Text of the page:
Some residents of Evanston's 8th Ward have told their alderman they're annoyed by the advertising circulars the Chicago Tribune dumps on their lawn and think the city should find a way to ban them.
Such ad circulars have drawn complaints in communities ranging from Atlanta, where a community group formed to stop the Atlanta Journal-Consitution's circulars, to Philadelphia and Cincinnati.
In Philadelphia the city has adopted an ordinance that lets residents request a city prepared "circular non-delivery" decal for their door. And the ordinance authorizes city inspectors to ticket distributors who ignore the decals.
Bridgeton, N.J. has an ordinance that requires distributors to respect notices placed by homeowners barring circulars as does New York City, while an ordinance in Ridgefield Park, N.J., bars distribution of circulars to residents who haven't opted in to receiving them.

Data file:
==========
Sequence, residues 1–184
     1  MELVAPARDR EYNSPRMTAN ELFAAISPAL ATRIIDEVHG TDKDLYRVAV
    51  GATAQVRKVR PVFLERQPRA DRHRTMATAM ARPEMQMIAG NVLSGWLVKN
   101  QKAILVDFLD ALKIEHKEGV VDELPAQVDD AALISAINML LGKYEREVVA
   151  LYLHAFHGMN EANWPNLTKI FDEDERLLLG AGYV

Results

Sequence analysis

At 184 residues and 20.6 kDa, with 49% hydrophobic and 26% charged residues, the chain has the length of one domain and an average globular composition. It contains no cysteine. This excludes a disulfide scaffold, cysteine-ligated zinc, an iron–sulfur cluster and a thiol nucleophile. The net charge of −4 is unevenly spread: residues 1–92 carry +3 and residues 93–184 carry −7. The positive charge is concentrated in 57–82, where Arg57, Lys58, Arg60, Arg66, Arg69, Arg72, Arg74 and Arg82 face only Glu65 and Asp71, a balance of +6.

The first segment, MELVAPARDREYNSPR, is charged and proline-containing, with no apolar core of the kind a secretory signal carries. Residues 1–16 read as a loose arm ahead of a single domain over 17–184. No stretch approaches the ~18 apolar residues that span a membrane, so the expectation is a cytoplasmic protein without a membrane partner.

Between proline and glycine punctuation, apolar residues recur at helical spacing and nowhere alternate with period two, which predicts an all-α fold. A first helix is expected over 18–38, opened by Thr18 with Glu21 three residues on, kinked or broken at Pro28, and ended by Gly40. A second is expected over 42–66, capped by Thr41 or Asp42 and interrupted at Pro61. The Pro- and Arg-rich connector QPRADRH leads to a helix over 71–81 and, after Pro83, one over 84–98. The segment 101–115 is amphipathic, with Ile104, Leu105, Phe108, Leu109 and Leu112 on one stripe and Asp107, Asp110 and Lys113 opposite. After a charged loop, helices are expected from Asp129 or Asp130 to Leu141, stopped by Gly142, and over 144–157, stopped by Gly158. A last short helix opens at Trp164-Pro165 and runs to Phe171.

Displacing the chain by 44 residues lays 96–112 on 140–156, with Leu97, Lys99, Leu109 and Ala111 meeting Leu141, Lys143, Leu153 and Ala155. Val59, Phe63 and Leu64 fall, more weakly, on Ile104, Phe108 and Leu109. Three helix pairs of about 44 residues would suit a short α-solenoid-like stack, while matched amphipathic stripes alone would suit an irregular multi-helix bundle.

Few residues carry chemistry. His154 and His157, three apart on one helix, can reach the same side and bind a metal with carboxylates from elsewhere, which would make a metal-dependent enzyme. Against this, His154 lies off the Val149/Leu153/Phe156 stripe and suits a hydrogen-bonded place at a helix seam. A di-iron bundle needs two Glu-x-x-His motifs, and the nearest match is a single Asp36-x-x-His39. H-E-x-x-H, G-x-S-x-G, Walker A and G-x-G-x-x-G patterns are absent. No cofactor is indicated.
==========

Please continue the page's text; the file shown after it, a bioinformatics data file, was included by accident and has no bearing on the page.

Sample wording provided by city officials for a 'no lawn litter' sign in New York City.
Alderman Ann Rainey, 8th Ward, told the residents she's asked the city's law department to explore what can be done about the advertising circulars, but says she expects that First Amendment free speech rules will limit the actions the city can take.
The Tribune's circulars are produced by Red Plum, a division of the publicly-traded Valassis Communications Inc., which has over 7,000 employees worldwide. The plastic wrapper for the circulars includes a phone number, 800-874-2863, which it says can be used for "delivery inquiries."
Should Evanston restrict distribution of advertising circulars?